This Vikram review is a Silverscreen original article. It was not paid for or commissioned by anyone associated with the movie. and its writers do not have any commercial relationship with movies that are reviewed on the site.

GV Prakash, Gautham Menon Reunite for ’13’; Horror-Thriller Features Prakash as a YouTuber

13, the upcoming Tamil film led by musician GV Prakash and Gautham Menon, is an investigative crime thriller with an “element of horror,” according to the film’s writer-director K Vivek.

The first-look poster of 13 was released recently via social media.

Speaking to Silverscreen India about the film which marks his directorial debut, Vivek says, “There will be no cringe-worthy, clichéd scenes, nor any jump scares. The film will have the underlying mood of a thriller. GV Prakash sir plays a YouTuber in 13 and GVM sir essays a detective. The latter is an interesting character which cannot be easily classified as positive or negative. It will take time to judge his character graph. There are not many scenes featuring both of them together; their roles are on opposing ends.”

13 marks the second collaboration of Menon and Prakash after Selfie, which released in April. Vivek tells us that he had spoken to both of them, independently, before the release of Selfie and adds that they were both unaware of being cast in the same film. “I wanted the YouTuber to be played by somebody who was enthusiastic and energetic, hence we opted for GV Prakash. On the other hand, we felt that Menon sir perfectly fit the role of a mighty detective, especially in terms of the character’s ability to modulate their voice.”

Aside from Prakash and Menon, 13 also features Bhavya Trikha, Aadhya Prasad, and Aishwarya as the female leads, while Adithya Kathir essays a comic role.

The film is produced by S Nandagopal of Madras Studios in association with Anshu Prabhakar Films. “Initially, we had decided to make another film for the same producer, but since that project was taking longer than anticipated, we proceeded to make this film instead,” says the director.

Siddhu Kumar, who has earlier worked as a composer for the GV Prakash-starrers Sivappu Manjal Pachai and Bachelor, has scored the music for 13. Vivek tells us that the album features four songs.

The film, which went on floors earlier this year, is currently in post-production. It was shot in Chennai and Talakona Falls with CM Moovendhar handling the cinematography. JF Castro is the film’s editor.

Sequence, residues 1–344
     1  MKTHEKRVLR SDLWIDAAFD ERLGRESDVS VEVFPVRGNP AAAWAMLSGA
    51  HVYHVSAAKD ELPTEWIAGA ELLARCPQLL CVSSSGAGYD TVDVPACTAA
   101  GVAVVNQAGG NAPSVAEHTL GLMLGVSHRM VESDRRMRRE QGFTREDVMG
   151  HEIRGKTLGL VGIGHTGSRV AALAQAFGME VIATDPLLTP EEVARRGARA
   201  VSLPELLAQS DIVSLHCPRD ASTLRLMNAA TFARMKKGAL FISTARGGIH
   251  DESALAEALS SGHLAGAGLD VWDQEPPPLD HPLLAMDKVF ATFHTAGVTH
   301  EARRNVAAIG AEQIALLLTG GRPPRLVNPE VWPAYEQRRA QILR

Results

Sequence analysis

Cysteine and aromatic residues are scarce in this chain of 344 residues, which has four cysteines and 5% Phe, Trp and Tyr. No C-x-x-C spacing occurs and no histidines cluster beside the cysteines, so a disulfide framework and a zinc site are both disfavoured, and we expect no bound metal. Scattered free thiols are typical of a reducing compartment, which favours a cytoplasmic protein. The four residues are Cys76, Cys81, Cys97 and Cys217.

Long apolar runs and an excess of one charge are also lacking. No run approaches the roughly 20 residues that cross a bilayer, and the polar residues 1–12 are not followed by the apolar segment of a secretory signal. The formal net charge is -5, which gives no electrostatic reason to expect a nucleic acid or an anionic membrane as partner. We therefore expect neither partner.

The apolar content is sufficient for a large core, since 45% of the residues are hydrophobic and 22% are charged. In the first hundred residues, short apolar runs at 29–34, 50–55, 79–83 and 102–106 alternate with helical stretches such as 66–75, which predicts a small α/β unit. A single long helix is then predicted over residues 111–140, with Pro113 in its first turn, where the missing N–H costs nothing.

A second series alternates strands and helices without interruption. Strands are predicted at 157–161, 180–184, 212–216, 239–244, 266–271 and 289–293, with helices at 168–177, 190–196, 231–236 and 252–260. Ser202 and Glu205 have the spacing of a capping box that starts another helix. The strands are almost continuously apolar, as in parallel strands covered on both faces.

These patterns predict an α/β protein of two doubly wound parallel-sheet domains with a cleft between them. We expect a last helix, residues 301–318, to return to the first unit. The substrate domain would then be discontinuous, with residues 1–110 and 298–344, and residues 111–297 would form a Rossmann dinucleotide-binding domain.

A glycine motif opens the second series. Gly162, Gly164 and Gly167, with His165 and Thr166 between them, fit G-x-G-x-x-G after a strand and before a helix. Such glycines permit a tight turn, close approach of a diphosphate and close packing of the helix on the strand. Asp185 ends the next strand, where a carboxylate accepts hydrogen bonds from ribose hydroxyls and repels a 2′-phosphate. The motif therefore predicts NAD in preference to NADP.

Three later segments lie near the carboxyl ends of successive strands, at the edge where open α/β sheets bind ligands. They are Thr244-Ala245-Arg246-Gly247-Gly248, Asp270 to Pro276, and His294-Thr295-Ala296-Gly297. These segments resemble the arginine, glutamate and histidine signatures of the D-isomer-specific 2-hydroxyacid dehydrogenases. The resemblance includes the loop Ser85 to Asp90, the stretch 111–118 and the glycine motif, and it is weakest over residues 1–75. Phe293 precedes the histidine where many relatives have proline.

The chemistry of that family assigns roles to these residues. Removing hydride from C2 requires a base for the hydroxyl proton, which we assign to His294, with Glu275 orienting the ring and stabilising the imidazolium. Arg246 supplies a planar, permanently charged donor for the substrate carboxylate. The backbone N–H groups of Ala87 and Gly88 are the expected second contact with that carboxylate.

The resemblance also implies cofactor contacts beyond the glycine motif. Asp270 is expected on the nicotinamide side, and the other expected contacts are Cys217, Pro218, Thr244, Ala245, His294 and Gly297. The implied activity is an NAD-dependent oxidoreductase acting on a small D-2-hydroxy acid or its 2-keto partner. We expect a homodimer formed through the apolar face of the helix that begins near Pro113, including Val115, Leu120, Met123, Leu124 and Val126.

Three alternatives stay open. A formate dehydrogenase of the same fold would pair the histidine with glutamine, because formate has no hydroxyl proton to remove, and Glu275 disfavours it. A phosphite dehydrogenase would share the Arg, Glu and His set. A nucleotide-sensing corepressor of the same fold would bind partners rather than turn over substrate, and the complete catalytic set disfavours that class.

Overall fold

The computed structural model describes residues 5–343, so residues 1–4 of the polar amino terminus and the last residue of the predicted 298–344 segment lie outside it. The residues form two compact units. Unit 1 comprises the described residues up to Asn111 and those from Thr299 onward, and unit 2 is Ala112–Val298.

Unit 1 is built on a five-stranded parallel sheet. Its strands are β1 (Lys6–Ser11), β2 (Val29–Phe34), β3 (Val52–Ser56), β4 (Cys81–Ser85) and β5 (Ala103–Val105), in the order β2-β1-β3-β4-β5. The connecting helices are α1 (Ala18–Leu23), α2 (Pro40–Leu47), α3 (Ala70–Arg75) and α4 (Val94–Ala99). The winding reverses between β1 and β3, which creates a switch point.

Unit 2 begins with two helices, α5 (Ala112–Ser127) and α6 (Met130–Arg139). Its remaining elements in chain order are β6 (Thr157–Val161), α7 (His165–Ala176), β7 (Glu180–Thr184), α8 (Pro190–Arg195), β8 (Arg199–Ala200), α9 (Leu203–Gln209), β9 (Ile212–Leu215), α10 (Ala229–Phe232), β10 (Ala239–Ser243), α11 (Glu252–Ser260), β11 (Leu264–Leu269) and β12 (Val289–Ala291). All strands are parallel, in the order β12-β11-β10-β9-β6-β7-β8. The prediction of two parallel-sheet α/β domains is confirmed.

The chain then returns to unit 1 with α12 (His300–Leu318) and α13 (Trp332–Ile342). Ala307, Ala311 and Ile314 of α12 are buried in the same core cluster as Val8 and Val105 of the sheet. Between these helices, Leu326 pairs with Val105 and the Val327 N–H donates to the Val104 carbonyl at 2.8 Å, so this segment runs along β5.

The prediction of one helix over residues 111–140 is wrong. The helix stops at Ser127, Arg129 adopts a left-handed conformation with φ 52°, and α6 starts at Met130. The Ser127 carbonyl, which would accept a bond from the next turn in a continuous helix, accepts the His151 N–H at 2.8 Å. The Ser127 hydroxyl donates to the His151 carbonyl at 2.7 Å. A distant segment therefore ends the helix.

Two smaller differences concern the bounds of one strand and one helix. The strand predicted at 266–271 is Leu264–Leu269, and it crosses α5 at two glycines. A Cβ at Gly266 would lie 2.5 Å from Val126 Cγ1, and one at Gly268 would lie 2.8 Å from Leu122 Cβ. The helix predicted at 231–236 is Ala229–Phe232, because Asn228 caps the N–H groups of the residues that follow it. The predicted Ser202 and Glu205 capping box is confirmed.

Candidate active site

The makers of 13 are aiming for a theatrical release in July.

13 is considered to be a lucky and auspicious number in the cinema industry. Also, the film’s second half has a negative mood to it. Hence, we titled the film 13. The producers previously backed the film 96 and it worked well for them,” says Vivek, who is set to work on another project with Madras Studios after this one.

Pikchar with Rita: From ‘Anpadh’ to ‘Dasvi’, Cinema’s Travails with Literacy

Sung beautifully by Lata Mangeshkar, penned by Raja Mehdi Ali Khan and directed by Madanmohan is the song Aapki Nazaron ne Samjha Pyaar ke Kaabil Mujhe (In your eyes, I am understood to be worthy of love). While the servitude of the song jars my ears each time, it is difficult not to be drawn by its lyricism, voice and impeccable composition. Unlike many songs that make you cringe while watching them on the screen, this one has a gentle presence. I found myself on the trail of this song and it took me to the film Anpadh (1962).

As the title suggests, the film is about the lack or the absence of literacy. Lajwanti (Mala Sinha) has been brought up as the pampered and petted sister of her rich brother Shambhuprasad Chaudhary (Balraj Sahni). The brother indulges her excessively, to the extent of not sending her to school so that she is not pulled up by a teacher. He does not let her learn anything at home either. The “loving” brother constantly pulls up servants and teachers and reminds them of their station in life to reinforce how his sister is special and his money would ensure that she does not need to partake in any labour in her life. Education, in this scenario, is another form of labour best left to the poor and needy, not the burden of a rich child like Lajwanti.

As fate would have it, Lajwanti is married to a highly educated man, who reads Shakespeare, Sanskrit and Urdu poetry, among other things. His shock and hostility at the discovery that he was saddled with an illiterate woman makes him shun Lajwanti. It is through her quiet suffering and feminine endurance that she wins his heart, leading to the song, Aapki Nazaron ne Samjha.